The first thing I noticed crossing the New Hampshire line on my return to Maine was that the landscape had gone all Wyeth in my absence: gray and moody — and harsh.
The trees, stripped of leaves that had just been turning to gold and red when I left to go back to Massachusetts for surgery and friends to help in the aftermath, were bare and anorexic as toothpicks poked into the countryside. Here and there, it was still possible to see a hump of the season’s first snow hanging on despite temperatures near 60 degrees. The clumps, white with a tinge of blackened soot or road gravel, were almost the same shape as the flock of swans I had seen on the morning I left Cape Cod in the rear view mirror and steered back to my rented A-frame cabin north of Gray.
The sky had clouded over in Portsmouth, but by the time I passed Kittery, the weather’s mood had leveled out, even brightened considerably. The warmth seemed more suited to the shore of the bay along which I had spent several weeks in a little cottage recovering, waiting like a wolf with its paw in a steel trap, steadily going mad, craving escape.
My friends — and for the time, caretakers — were attentive and relieved in the extreme that they were sending me off to Maine intact, rather than with a partly healed ankle and a broken arm or leg, so sure they were I couldn’t hold still long enough for healing and would end up hurting myself, hurrying the process.
But the clumsy, hard plastic moon boot in which the surgeon’s assistant had encased my foot, ankle and calf had slowed me down considerably. Though I was mostly using it with the pretense of relying on a cane that I would have done better wielding as a weapon than as a stick for support, I hadn’t suffered any major setbacks — for once — by suffering from a type-A personality.
In the end, the surgeon agreed to set me free to come back to the real country of Maine — a description I mean in every sense of the word — turning me over to the prescribed ministrations of physical therapists here.
Driving down the back roads outside Yarmouth, I made all the mental rearrangements of returning. I had left behind a gathering of six swans at dawn, but the flock I flew by on my way home was larger — about 25 sheep grazing so placidly that they seemed a mirage of meditation. At last, the long white fences of Pineland appeared, and I knew I was almost home.
I nearly missed the spot, though. The dirt driveway back into the forest, where the cabin sits atop the suggestion of a rock outcropping, was camouflaged with fallen leaves, so completely that I could hardly decipher where wild nature ended and human nature began. I relied for guidance on the sentinel presence of the neighbor’s home and the old green mailbox at the side of the road, the house numbers out of sync, jumping from the low 200s to the high 100s, then back up over 220 once more.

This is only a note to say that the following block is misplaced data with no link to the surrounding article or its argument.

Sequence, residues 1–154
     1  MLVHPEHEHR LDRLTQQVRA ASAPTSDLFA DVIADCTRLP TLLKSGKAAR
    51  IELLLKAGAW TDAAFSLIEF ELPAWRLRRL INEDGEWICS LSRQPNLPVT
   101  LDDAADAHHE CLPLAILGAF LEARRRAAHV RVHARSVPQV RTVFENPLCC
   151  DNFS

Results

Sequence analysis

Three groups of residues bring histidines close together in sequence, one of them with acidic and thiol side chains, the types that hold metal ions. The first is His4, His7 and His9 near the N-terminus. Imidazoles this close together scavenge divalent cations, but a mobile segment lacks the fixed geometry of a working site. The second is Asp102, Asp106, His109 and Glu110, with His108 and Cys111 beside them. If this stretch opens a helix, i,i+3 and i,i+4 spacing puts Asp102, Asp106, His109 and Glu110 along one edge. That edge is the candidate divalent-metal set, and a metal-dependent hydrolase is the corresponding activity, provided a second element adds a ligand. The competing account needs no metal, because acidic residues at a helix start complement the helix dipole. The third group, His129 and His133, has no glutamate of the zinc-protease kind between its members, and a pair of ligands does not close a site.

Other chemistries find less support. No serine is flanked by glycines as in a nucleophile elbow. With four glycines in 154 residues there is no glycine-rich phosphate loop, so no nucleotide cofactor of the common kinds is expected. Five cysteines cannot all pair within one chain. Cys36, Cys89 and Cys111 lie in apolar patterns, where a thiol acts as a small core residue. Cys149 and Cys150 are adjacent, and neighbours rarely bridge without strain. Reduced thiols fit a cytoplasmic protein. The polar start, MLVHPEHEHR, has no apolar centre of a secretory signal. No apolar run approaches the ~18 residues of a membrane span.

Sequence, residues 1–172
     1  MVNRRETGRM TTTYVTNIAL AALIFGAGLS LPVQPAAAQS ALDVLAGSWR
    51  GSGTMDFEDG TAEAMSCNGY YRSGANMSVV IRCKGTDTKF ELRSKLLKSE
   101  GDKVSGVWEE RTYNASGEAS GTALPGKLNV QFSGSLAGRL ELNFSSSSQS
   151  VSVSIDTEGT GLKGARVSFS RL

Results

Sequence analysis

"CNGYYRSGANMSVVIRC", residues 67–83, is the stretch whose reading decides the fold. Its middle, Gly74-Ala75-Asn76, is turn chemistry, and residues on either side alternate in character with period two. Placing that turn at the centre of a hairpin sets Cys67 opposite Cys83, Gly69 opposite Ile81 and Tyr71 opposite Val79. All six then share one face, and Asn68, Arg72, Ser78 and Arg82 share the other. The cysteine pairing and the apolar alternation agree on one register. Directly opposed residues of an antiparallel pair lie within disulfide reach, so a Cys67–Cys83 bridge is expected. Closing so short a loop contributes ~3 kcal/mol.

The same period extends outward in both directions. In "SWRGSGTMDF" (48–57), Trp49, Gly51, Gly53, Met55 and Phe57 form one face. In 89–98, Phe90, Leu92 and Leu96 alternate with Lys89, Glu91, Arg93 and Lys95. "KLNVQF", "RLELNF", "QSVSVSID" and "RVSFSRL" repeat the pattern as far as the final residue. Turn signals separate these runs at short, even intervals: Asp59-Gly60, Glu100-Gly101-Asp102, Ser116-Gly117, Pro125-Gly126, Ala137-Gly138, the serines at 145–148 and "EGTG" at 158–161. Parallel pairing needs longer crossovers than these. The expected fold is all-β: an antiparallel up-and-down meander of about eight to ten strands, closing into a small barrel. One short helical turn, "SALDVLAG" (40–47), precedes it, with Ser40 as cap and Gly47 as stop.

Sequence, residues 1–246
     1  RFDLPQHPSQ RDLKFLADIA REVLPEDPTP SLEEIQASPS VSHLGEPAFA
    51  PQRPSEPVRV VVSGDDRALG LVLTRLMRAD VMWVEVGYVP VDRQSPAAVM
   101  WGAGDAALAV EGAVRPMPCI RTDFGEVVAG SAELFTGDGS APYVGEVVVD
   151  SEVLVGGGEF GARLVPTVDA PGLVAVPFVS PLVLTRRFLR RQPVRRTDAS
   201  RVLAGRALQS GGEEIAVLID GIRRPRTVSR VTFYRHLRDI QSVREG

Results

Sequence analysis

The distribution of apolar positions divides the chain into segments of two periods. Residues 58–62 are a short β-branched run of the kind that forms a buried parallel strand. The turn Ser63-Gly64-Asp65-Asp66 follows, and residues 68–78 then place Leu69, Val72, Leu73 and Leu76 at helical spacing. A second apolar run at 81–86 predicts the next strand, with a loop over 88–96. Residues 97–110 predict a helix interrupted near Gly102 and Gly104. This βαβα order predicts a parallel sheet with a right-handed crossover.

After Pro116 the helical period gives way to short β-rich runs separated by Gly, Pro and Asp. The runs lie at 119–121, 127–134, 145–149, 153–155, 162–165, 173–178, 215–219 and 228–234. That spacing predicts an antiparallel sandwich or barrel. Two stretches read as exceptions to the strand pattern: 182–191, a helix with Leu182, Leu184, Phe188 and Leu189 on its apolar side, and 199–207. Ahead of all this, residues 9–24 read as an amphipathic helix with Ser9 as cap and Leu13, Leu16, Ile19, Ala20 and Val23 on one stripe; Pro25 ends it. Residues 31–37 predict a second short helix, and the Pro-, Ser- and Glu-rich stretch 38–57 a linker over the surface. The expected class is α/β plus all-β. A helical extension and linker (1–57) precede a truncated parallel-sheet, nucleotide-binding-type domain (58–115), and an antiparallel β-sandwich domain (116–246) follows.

But this improbable margin is the small, irregular envelope of land in which I have placed the correspondence of my life for the time being, so I slipped right in among the tatters of maple and oak on the ground and crept along slowly, calling on barely established memory for the course back into the woods.
I slowed to a stop by the shed and took stock of things. The landlord’s brother had been by to deliver and stack a half cord of wood: It lay as tidy as Lincoln logs under the lean-to. The landlord had driven down from up north to clean the chimney and install a pipe for the wood stove; that, too, was ready to go. He even had replaced a couple rotting boards on the deck, awakening in me the winter dreamer’s visions of freshly painted planks in spring.
It was somber as abandonment at the cabin, the only stirrings the fretful flight of a few moths, tearing at the air and ripping apart the last moments of their lives. But I felt no sorrow arriving.
Indoors, I could read a little recent history in the blinking faces of digital clocks, and after I got my belongings indoors, I cleared out the freezer and any perishables that might have gone without sufficient refrigeration while the power was down. I kept an eye out for signs of mice establishing new territory, but either denial or luck won out, and I decided we still had the place to ourselves, the dog and I.
The dog. I wondered how she’d make the transition back inland, since she has spent most of her short life in love with the sea, swimming Nantucket Sound until she was just a dot on the bay’s horizon to onlookers ashore. But animals are better at managing memory and sentimentality than we are; she clung to no sense of loss. When I looked out into the yard, I saw her on her back, rolling her spine into the land like a signature. It went on and on, this twisting joy: Here I am, here I am.
In the last, least light of the day, the color of the birches had gone to mauve as the minutes passed. I had never seen the white bark surrender itself in just that way before, and it seemed suddenly, softly, the subdued blush of welcome. This is the color of home, it seemed to murmur.
This is the way trees become improbable candles to light your way or serve as dropped pennants on the stilled battlefield of your life. Rest now, rest here. This is where you belong.
North Cairn can be contacted at 791-6325 or at: